Fundamentals of Resistance

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Claimed by Benjamin Flamm (Spring 2016)
Edited by Lewey Wilson (Spring 2018)
Resistors are elements that are involved in circuits and oppose the flow of current. The function of a resistor in a circuit is similar to that of a water valve's purpose in plumbing. Like how opening and closing a water valve increases or decreases the flow of water, increasing and decreasing resistance can decrease or increase (respectively) current. The more the valve is closed, the higher the water pressure (voltage in the context of circuits) becomes.
This page gives examples of computing resistance as well as the history and applications of resistors.

The Main Idea

Resistors have many forms throughout modern technology and are applied in electronic industries ranging from basic manufacturing (lightbulbs, portable devices, etc.) to advanced biomedical instrumentation such as electrocardiogram devices. In almost everything, resistance exists but for this page only wires and manufactured resistors are used as examples.

The primary goal of a resistor is to limit the current that flows through a circuit. For example, a lightbulb is a very simple application of Tungsten or another material that has a high resistance. As electrons flow into the lightbulb, they begin to collide with themselves and the high number of charge carriers in the high-resistance filament. The result of these collisions is energy released as light and heat. See the Mathematical Model section for the relationship of these factors and how they determine resistance.

A Mathematical Model

Resistance can be modeled by starting at the fundamental concept [math]\displaystyle{ {I = |q|nA\bar{v}} }[/math] where [math]\displaystyle{ I }[/math] is conventional current, [math]\displaystyle{ |q| }[/math] is the magnitude of the charge being carried, [math]\displaystyle{ n }[/math] is the number of charge carriers, [math]\displaystyle{ A }[/math] is the area of the resistor, and [math]\displaystyle{ \bar{v} }[/math] is the drift speed of the charge.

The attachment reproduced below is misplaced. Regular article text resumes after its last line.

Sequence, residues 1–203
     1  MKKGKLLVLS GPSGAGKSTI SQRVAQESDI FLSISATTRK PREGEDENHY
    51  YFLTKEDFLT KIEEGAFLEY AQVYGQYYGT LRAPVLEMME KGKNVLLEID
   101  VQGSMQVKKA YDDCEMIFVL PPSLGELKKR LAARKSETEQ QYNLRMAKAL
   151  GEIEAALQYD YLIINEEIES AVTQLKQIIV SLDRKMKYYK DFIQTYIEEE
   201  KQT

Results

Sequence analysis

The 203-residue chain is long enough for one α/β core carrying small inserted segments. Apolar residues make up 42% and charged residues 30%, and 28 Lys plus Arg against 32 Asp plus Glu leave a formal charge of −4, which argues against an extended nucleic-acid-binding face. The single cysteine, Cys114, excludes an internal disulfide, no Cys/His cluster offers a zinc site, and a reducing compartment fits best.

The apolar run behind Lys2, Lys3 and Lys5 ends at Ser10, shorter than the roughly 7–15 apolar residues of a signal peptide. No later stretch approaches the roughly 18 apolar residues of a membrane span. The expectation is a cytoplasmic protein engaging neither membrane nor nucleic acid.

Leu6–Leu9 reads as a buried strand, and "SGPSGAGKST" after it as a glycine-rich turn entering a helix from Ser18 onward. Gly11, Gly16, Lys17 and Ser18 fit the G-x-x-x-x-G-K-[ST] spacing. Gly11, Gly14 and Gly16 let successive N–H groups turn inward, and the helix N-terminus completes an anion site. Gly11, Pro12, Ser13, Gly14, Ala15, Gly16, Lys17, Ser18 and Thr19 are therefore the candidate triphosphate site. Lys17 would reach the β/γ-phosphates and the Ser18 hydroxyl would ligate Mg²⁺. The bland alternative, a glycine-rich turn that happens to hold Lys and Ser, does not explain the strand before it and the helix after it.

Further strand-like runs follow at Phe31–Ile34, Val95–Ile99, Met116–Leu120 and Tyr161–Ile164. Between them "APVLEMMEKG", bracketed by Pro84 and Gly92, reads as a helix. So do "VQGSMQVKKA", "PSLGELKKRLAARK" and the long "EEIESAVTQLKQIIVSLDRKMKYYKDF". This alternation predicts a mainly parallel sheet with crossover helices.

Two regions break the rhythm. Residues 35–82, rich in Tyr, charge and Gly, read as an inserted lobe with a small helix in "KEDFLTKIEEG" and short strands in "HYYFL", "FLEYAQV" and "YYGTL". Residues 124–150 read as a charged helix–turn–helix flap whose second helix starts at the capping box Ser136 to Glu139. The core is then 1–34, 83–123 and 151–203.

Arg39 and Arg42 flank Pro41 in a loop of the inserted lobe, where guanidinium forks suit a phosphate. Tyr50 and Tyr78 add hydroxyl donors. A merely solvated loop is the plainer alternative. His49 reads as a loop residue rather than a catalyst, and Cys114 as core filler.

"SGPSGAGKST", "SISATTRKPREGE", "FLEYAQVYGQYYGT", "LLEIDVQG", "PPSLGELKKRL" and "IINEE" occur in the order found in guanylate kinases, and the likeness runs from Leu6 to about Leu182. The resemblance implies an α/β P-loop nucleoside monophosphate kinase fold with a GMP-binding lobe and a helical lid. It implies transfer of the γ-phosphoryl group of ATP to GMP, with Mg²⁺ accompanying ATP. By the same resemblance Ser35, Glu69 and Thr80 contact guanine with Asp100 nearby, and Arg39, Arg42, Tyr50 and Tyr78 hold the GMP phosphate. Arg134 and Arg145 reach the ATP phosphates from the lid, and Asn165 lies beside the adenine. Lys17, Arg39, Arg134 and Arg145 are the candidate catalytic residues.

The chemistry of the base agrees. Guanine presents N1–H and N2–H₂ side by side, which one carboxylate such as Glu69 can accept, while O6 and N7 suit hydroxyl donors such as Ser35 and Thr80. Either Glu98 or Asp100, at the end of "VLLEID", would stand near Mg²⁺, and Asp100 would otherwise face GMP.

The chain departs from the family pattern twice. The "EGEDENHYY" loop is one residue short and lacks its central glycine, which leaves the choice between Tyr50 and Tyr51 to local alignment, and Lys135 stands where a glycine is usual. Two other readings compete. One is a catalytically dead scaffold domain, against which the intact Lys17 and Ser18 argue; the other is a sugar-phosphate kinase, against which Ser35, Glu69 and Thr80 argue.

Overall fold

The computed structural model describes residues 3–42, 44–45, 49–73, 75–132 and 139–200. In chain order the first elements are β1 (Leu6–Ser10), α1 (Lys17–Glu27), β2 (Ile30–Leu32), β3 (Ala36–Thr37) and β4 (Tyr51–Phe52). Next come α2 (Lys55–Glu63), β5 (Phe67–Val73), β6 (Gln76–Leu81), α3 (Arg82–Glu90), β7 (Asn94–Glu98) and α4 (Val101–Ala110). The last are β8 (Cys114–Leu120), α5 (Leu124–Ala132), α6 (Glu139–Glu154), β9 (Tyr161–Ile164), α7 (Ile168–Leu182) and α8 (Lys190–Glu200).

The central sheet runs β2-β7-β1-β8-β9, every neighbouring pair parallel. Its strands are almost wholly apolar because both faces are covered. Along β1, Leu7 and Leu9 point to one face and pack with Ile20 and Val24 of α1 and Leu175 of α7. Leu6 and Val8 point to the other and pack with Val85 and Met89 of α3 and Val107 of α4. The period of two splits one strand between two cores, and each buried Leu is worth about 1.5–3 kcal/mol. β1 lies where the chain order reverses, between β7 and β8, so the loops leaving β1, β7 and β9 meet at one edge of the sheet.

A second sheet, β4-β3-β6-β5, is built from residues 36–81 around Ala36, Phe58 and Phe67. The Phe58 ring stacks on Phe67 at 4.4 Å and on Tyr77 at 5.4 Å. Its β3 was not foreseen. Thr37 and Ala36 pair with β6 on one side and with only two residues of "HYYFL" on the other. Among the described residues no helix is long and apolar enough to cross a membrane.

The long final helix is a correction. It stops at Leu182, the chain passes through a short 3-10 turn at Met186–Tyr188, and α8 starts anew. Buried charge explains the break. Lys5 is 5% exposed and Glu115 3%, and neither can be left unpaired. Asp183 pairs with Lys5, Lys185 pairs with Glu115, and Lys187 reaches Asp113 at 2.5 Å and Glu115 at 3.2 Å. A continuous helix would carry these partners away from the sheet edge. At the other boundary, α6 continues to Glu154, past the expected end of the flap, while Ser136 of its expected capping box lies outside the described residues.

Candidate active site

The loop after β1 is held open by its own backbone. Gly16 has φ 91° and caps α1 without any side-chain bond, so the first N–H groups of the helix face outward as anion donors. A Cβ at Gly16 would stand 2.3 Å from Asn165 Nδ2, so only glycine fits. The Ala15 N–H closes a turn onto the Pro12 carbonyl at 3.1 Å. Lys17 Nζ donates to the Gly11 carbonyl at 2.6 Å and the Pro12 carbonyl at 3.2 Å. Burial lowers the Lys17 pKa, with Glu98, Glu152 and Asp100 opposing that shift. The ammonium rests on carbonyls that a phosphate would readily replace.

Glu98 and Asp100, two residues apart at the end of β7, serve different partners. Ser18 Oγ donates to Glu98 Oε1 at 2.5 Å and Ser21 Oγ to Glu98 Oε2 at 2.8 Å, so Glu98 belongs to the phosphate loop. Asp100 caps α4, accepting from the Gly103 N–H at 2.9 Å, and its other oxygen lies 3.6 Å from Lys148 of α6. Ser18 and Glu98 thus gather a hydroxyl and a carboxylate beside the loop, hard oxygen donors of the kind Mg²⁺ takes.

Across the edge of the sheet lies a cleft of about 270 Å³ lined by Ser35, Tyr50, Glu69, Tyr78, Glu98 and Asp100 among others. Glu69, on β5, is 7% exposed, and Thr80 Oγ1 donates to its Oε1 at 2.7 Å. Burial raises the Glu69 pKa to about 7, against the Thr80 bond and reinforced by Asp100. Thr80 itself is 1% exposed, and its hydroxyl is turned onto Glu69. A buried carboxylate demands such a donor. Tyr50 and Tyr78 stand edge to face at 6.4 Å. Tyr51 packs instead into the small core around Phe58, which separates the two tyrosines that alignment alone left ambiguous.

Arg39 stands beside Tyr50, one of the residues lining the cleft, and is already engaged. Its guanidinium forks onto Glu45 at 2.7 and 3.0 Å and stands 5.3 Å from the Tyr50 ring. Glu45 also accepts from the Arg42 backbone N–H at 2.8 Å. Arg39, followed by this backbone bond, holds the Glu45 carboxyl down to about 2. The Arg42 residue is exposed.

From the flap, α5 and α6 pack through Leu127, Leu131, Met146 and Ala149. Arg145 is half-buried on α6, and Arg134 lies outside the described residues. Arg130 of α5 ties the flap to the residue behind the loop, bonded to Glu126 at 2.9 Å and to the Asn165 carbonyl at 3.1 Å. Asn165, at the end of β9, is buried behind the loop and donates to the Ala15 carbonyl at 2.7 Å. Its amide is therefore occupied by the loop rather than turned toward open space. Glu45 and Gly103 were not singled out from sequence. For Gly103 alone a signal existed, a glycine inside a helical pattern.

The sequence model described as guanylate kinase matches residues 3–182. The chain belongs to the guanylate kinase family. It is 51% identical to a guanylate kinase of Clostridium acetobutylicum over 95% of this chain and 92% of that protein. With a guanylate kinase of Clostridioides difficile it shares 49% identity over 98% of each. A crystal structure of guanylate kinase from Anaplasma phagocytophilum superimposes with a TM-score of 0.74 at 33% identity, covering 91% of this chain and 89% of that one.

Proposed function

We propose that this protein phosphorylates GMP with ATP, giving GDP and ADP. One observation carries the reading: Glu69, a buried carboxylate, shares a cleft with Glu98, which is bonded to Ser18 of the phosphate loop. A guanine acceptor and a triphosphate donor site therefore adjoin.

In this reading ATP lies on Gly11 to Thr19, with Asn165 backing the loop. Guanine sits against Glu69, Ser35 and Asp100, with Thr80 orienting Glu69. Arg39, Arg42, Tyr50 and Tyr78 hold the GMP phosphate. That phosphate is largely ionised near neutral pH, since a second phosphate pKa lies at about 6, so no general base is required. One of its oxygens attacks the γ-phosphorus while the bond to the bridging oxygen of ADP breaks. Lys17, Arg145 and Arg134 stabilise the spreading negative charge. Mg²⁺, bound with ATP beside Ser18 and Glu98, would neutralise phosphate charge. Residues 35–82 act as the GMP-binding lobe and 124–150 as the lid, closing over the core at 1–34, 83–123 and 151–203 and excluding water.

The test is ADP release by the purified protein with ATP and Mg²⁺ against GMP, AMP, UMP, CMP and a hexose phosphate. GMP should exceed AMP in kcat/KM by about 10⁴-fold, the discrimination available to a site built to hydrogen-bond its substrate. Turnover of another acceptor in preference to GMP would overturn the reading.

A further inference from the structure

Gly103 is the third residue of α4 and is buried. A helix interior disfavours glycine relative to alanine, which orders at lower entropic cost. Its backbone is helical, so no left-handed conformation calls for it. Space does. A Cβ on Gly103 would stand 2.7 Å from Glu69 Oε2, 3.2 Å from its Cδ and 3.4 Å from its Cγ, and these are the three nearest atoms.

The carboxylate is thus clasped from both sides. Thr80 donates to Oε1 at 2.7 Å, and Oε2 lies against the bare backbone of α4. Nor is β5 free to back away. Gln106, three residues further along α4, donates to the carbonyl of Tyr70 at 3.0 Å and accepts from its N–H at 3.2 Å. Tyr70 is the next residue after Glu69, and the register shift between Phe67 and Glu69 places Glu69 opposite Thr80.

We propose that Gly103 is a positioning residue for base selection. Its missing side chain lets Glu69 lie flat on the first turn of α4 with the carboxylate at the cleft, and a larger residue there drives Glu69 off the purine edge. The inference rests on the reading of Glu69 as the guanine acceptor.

[math]\displaystyle{ {I = |q|nA\bar{v} = |q|nAuE} }[/math] and [math]\displaystyle{ {J = \frac IA } }[/math] the equation for current density

Grouping the properties of the material together and utilizing the equation for conductivity [math]\displaystyle{ {\sigma = |q|nu} }[/math]:

[math]\displaystyle{ {I = (|q|nu)AE = {\sigma}AE} }[/math]

[math]\displaystyle{ {J = \frac IA = {\sigma}E} }[/math]

Substituting in the equation for electric field we get [math]\displaystyle{ {\frac IA = {\sigma}\frac {{\Delta}V}{L}} }[/math]

Finally, using algebra we attain [math]\displaystyle{ {I = \dfrac{{\Delta}V}{\dfrac{L}{{\sigma}A}} = \frac {{\Delta}V}{R}} }[/math]

Resulting in the definition of resistance being [math]\displaystyle{ {R = \dfrac {L}{{\sigma}{A}}} }[/math]

Although resistance can be easily derived and calculated, the majority of problems that contain resistance involve circuit analysis and Ohm's Law [math]\displaystyle{ {{\Delta}V = IR} }[/math] in which resistance is usually provided beforehand.

A Computational Model

Given a diagram consisting of a thinner wire leading into a thicker wire and then back through a thinner wire, it is possible to visualize how the cross-sectional area of a wire affects its resistance. The two thin sections of wire are identical and labeled with areas [math]\displaystyle{ {A_1} }[/math] and the thick section of wire has an area of [math]\displaystyle{ {A_2} }[/math].